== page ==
Nearly five hundred Bartlett hospital staff receive first dose of Pfizer vaccine
Of the more than 7,000 Alaskans counted vaccinated with the first dose of the first released vaccine to help prevent the spread of COVID-19, 495 were staff at Bartlett Regional Hospital.
“I’m really impressed with our team who came together to help get this into people’s arms. It worked smoothly and seamlessly – the timing, handling and registration, managing data, and reporting to the state VacTrAK system,” said BRH Infection Preventionist Charlee Gribbon. ”That’s really exciting because they can see where the vaccine is getting used and where doses still remain.”
Healthcare facilities across the country discovered each vial could draw up six rather than the expected five vaccines. Bartlett has an additional 105 vaccines ready for staff who have yet to sign up for it.
Gribbon reported eight post inoculation adverse reactions to the Centers for Disease Control and Prevention via the Vaccine Adverse Event Reporting System (VAERS). The reactions were caught during the 15-30 minute post-vaccine observation period. Most reactions, like dizziness, dry throat and itching were deemed mild. The first documented case of an anaphylactic reaction that resulted in hospitalization in the nation was that of a BRH healthcare worker. The employee, who had no history of allergic reaction, developed a rash, shortness of breath and increased heart rate shortly after receiving the vaccine.
“I remain very enthusiastic about the vaccine because it feels like a miracle,” said the affected healthcare worker. “I watched the COVID-19 cases rising, and the death toll rising, and went to work each day worrying about my patients, my family, my community. As a frontline worker it has been months of worry and hyper vigilance, and it’s been exhausting. When I went to get vaccinated I was tearing up in my car beforehand because it felt like the crushing weight of the previous months was finally lifting a little. I was so incredibly thankful to have the protection. Obviously my own vaccination didn’t go as planned, but that is rare and I recovered. What didn’t change, despite my allergic reaction, was the feeling of hope and relief knowing that each vaccination meant one less person susceptible to a terrifying disease that has already killed so many.”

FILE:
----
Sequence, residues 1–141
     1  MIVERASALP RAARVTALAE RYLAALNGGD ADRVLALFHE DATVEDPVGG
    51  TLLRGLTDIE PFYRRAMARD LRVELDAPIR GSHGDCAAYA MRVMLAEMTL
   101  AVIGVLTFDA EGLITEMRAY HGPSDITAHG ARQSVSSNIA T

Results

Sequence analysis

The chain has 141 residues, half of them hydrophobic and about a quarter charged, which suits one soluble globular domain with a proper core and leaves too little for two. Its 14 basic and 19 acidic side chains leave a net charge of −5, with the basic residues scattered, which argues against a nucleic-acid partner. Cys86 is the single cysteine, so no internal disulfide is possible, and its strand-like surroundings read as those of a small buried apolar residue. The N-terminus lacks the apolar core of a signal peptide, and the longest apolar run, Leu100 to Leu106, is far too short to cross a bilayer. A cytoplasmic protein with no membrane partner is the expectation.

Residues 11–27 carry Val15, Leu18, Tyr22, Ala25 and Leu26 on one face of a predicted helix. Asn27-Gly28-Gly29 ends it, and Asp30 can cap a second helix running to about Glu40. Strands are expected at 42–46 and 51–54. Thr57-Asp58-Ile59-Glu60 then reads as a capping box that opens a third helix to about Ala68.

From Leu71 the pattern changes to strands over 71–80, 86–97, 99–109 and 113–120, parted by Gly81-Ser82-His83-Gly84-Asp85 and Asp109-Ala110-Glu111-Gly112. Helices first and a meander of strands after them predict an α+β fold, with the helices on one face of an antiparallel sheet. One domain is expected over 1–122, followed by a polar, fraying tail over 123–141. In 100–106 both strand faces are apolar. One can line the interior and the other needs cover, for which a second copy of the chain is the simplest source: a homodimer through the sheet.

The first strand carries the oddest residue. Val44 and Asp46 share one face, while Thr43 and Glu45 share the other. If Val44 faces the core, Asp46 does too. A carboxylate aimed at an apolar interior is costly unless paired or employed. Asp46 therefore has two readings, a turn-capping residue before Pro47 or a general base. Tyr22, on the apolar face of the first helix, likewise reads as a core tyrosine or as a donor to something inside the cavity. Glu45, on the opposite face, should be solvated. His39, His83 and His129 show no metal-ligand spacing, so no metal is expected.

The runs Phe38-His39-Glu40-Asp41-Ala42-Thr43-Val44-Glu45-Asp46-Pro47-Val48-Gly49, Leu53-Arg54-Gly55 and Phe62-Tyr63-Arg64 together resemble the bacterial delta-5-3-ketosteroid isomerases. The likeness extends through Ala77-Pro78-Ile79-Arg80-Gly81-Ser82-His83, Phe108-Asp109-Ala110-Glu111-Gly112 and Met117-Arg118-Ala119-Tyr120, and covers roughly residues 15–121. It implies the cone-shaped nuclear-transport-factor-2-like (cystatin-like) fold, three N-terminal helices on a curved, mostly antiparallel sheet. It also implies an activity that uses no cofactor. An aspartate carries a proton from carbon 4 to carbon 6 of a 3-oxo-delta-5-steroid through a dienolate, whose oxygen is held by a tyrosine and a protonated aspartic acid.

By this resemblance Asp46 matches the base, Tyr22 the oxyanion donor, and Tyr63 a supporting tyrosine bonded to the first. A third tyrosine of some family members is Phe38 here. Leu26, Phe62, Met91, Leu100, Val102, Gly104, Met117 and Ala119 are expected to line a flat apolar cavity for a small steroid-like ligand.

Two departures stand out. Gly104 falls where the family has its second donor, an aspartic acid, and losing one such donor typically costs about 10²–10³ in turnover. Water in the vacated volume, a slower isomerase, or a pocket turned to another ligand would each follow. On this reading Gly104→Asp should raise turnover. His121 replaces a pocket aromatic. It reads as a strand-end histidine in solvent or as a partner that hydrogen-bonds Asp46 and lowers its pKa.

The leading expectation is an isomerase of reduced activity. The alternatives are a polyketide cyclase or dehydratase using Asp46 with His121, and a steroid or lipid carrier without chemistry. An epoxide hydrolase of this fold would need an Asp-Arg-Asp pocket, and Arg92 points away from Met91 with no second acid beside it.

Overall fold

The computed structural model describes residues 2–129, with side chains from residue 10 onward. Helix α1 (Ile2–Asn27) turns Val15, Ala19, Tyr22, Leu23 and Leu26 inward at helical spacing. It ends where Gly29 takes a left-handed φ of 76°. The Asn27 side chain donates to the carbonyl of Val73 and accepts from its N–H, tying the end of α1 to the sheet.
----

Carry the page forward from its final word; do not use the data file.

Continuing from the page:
She also expressed gratitude that her colleagues were prepared for such an occurrence, and the care she received. “It makes me really proud to be part of the Bartlett Family,” she said.
The CDC has determined that people who experience anaphylaxis or anaphylactic symptoms after the first dose should not receive a second dose. The CDC also said there appears to be no obvious geographic clustering of these reactions. CDC is pointing clinicians administering the vaccine to an anaphylaxis management page.
“Adverse reactions are rare,” says State Epidemiologist Dr. Joe McLaughlin. “But they do occur, even to the flu vaccine.”
The CDC is encouraging vaccine recipients to sign up for smartphone-based regular check-ins for any side effects and reminders for their booster shots through v-safe. Researchers at the National Institutes of Health are recruiting volunteers for a study on why some allergic reactions are occurring to the Pfizer vaccine. DHSS epidemiologists point out that much more information is likely to come out in the coming weeks, as the Food and Drug Administration combs through the VAERS data.
Gribbon is excited about the next wave of vaccines arriving in Alaska, and expects more staff to get inoculated in the coming weeks. In the meantime, “we’ll keep masking, keep distancing, and see the vaccine’s impact on actual infections in this community.”
For more COVID-19 vaccination information in Alaska, go to covidvax.alaska.gov.
For more information on Bartlett Regional Hospital, contact Community Relations Director Katie Bausler at 796-8567 and 321-2755.